4. 4. Chapter 6 (pp. 137-160) is devoted to semantics, the study of linguistic meaning and meaning relations among expressions we call words, phrases and sentences. Because linguists do not know much about how "meaning is represented in the human mind …. many questions regarding meaning are still unanswered" (p. 146). The authors, however, attempt to introduce beginners to the complex issues of meaning within the domains of lexical and sentential semantics. The former covers an overview of common concepts such as synonymy, antonymy & some of its basic types, homophony & homography, polysemy and lexical ambiguity. Additionally, three pairs of terms, viz. connotation ~ denotation, sense ~ reference and intension ~ extension are seen to be of paramount importance in (structural) semantic analysis (cf. p. 146). The members of the first pair, it is to be noted, must be reversed so that 'denotation' comes first in order for the statement following to apply correctly and uniformly to the three pairs. Lexical semanticists have also been engaged in exploring lexical fields on the assumption that words can also form a network of semantic relations and hence their use of the terms 'hyponymy' and 'hypernomy' to establish vocabulary hierarchies. But since the 80's, cognitive semantics have been involved in accounting for meaning in terms of conceptualization and categorization on the assumption that language forms "part of our cognitive ability through which we organize and classify all aspects of our experience" (p. 149) and hence the use of 'prototype' as a working hypothesis. The second half of semantics displays meaning relations among sentences, the most important of which are paraphrase, entailment and contradiction. Meaning is further explored in chapter 7 (pp. 161-180) from a pragmatic perspective. Pragmatics can simply be defined as the study of meaning in social context. Such a straightforward and simple definition sets apart this field of inquiry into the nature of meaning from semantics though they sometimes share similar interests and concerns. To approach meaning in interaction, the authors relate language to culture and focus on cross- cultural communication which requires pragmatic competence, interpreted as "the ability to use language appropriately within social contexts" (p. 163). Deixis is one of the central issues in pragmatics because misuse of deictic expressions may lead to meaning loss and hence communication breakdown. Five basic types of deixis, which speakers use in contexts of situation, may be accompanied by non-verbal signals, in which case the deictic centre is easily identified in face-to-face interactions. These types are commonly known as person, place, time, discourse and social deixis. But successful communication may be hindered without observing Grice's 'Cooperative Principle' which subsumes four maxims, viz. quantity, quality, relation (or relevance) and manner. However, if "one or more of these maxims are not being observed [i.e. violated] …. this gives rise to conversational implicatures" (p. 169). In this case, communicators go beyond what is being said and make use of their knowledge repertoire(s) in search for inferences. Also central to pragmatic research is the heated topic of 'speech acts'. Utterances are generally categorized into five speech act classes, viz. representatives, directives, commissives, expressives and declarations. In order for a speech act within any class to be performed successfully by a speaker, felicity conditions must be met. These are: preparatory, sincerity and essential conditions. Speech act theorists distinguish between direct speech acts, corresponding to the traditional sentence types, and indirect speech acts which deviate from the normal form-function sentence type. Towards the end of the chapter, appeal is made to Conversation Analysis in order to support the claims made by pragmaticists, including 'politeness' as an additional maxim. (See, e,g. Leech 1983). Chapter 8 (pp. 181-205) extends the topic of language-use to sociolinguistics, a field of inquiry that relates language to society with focus on the study of "the effects of extralinguistic factors on the linguistic choices we make" (p. 182) and hence the description and explanation of linguistic variation. In order to avoid the problems associated with the delimitation of language and dialect, in particular, the term 'variety' is used neutrally. In so doing, four types of varieties are distinguished: standard, regional, social and functional varieties. The 'standard' is a superposed variety which is usually used in print, education and administration. Pronunciation varieties of the 'standard' are accents, viewed by linguists as neither superior nor inferior to each other. Functional varieties include styles and registers, terms between which clear boundaries cannot be drawn. Generally, however, styles may refer to degrees of formality in sending verbal messages. Official letters and documents, for example, are normally written in formal style, almost always characterized by a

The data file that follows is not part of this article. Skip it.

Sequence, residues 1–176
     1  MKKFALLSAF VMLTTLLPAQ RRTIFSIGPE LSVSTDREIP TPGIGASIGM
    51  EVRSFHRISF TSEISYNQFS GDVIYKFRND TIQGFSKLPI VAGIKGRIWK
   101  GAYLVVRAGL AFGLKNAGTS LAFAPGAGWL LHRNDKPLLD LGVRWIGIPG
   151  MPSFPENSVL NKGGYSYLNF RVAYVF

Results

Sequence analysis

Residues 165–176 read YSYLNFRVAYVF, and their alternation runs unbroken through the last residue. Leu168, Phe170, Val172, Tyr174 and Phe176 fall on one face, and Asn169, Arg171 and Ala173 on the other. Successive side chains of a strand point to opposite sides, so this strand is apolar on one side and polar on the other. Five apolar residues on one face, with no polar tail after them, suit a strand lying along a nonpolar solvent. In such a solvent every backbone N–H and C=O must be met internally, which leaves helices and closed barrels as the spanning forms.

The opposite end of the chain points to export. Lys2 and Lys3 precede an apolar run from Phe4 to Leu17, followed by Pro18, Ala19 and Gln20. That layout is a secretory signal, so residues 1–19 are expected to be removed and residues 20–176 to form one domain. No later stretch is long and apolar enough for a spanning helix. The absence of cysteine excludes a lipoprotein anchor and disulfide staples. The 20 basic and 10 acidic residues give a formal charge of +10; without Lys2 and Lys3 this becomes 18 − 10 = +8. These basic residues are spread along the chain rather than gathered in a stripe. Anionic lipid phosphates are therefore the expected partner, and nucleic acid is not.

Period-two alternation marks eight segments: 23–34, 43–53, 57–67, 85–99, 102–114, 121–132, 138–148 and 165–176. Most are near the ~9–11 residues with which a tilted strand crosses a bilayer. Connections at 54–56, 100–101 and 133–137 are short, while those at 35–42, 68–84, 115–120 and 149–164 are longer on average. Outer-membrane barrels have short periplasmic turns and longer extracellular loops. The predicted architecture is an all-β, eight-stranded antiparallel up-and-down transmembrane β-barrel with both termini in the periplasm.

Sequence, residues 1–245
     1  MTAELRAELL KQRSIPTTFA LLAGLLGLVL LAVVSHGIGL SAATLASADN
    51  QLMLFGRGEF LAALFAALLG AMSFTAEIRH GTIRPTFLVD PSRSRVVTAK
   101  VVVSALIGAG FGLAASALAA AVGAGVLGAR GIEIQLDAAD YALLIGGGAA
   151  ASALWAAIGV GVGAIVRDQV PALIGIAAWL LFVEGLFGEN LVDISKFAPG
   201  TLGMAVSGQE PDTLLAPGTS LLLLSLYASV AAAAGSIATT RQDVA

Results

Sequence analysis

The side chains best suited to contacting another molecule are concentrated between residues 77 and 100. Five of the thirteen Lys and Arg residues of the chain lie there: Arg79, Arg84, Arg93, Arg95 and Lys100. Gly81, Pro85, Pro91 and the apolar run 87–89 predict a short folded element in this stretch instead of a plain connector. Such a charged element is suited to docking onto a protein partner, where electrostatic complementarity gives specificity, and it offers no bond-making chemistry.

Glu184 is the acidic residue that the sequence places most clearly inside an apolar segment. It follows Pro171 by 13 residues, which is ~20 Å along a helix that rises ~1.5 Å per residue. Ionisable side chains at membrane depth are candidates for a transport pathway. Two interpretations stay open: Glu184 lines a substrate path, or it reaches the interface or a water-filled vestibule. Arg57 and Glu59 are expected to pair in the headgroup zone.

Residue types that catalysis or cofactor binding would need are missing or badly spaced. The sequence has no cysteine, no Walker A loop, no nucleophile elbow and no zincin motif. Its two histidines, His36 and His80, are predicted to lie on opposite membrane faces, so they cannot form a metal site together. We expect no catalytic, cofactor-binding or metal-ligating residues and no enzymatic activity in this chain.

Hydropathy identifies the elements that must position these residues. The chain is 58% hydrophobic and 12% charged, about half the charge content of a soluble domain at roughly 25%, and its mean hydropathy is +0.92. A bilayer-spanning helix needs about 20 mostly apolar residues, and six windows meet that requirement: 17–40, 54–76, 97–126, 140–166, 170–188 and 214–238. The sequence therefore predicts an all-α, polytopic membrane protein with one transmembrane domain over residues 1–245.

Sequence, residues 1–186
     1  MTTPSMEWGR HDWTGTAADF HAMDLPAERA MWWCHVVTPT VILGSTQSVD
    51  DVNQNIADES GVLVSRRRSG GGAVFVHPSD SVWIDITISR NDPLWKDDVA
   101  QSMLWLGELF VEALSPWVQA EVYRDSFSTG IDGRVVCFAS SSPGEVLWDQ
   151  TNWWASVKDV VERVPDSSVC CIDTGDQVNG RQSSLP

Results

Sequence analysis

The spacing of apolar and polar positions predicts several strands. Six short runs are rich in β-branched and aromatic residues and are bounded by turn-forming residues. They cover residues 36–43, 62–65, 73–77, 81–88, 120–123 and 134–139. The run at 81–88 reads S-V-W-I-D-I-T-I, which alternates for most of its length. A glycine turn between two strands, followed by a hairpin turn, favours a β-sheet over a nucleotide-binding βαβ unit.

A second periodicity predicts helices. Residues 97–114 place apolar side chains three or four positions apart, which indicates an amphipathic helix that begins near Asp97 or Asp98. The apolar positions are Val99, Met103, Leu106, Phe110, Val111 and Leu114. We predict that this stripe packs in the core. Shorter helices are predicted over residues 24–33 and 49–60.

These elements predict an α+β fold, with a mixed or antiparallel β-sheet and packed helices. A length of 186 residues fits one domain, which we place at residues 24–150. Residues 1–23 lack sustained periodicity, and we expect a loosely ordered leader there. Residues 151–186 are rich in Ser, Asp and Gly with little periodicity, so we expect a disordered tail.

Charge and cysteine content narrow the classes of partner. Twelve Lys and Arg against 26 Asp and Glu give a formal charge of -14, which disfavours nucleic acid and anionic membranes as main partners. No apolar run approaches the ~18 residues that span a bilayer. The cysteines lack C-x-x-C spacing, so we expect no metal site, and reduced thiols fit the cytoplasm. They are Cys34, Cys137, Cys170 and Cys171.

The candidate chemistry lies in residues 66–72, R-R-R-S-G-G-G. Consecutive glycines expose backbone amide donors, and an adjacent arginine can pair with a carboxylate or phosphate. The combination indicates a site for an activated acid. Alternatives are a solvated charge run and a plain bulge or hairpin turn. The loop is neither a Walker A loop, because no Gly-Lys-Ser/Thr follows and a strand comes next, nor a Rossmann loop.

5. 5. careful choice of syntactic structures and vocabulary. Registers may also be formal, but after all they constitute 'jargons' because they exhibit specialized sets of vocabulary used only by particular groups in certain situations (cf. p. 188). Regional varieties, whose evolvement is largely determined by geographical considerations, have been the object of study by dialectologists since the middle of the 19th c. Their efforts have also extended to the examination of certain aspects of social variation. Sociolinguists have been working on differences in pronunciation, for example, drawing isoglosses on maps and eventually coming up with linguistic atlases, e.g. Labov 2006. Social varieties, also called 'sociolects', are identified on the basis of socio- economic status (or class), ethnicity, gender and age, among others. Gender is given special attention and space towards the close of the chapter. Fig. 8.7 (pp. 201-202) offers an interesting view of some of the most important guidelines on non-sexist usage in English. EVALUATION The observation I made at the outset of this review seems valid for a number of cases. For example, a "finite verb" (p. 123) in English cannot be understood without being juxtaposed to the non-finite, unless the authors take it for granted that their German students already know the distinction. Comparison with German, and some other three languages, is justified for the sake of clarification, but this strategy presupposes some basic knowledge of the grammars of those and other languages. Perhaps Latin or Semitic languages would be better examples to contrast with the highly inflected OE, though this all depends where the book is taught and by whom, in which case the instructor is indispensable. Some instructors may feel that the brief history of English, though useful, is altogether irrelevant and can be dispensed with for the following reasons: (1) very little is utilized in the subsequent chapters; the authors' justification for its utility is not well brought down to earth; (2) many universities offer a separate course, often at a more advanced stage. The drawbacks of this chapter are crystal clear; for how come that linguistic concepts, e.g. morphology, inflection, case, syntax, etc. be introduced to a beginner prior to their explanation in the following chapters? Does the beginner primarily know how to pronounce historical vowels, specify their values and locate them on a vowel chart so that an understanding of the Great Vowel Shift (p. 28) is in place? If a "phantom" letter is not introduced earlier, how come that the authors ask the beginner to give examples and figure out what 'ghoti' (p. 72) without referring them to historical facts? This, to my knowledge, is more of putting the cart before the horse. Just imagine a beginning student being presented with 23 sources in the bibliography to a brief history! Do we expect instructors to recommend further reading and ask their 'beginning' students to write projects and/or give seminars by consulting standard books, e.g. Baugh & Cable (2002) or Fennell's (2001) which relates history to 'sociolinguistics', a term only explained in the last chapter?! All in all, the authors' choice of references in every single bibliography is unfortunate for at least two reasons: (1) Many references, especially those introduced after the first few pages of the book, are too advanced for a beginning student, e.g. Chomsky (1957), also documented later (p. 134), though marking "the foundation of generative linguistics" (p. 9), or Harris's (2003) highly argumentative book on Saussure and his interpreters. Even in later chapters, a source book like Chomsky's (1995) should not be recommended; rather, one may suggest Radford (2004) or Carnie (2007) as interesting introductions to generative syntax. Alternatives are available. Therefore, I suggest comparable introductory textbooks, which are equally easily accessible and written in "friendly-user English", e.g. Aitchison (1995). Fromkin, et al. (2006), already documented in the bibliography to chapter one, is a reasonable suggestion, but not Fromkin (2003), which covers core areas of linguistics from a generative perspective. Labov's contribution to the field of sociolinguistics is acknowledged (cf. p. 193) but, unlike others, none of his works, e.g. Labov (1966; 1972; and especially 2006) are documented. Strangely, we find Cruse (2003) on meaning in semantics and pragmatics (introduced later), but not his 'Lexical Semantics' (19..) which is highly relevant to lexical relations presented in the chapter on 'semantics'.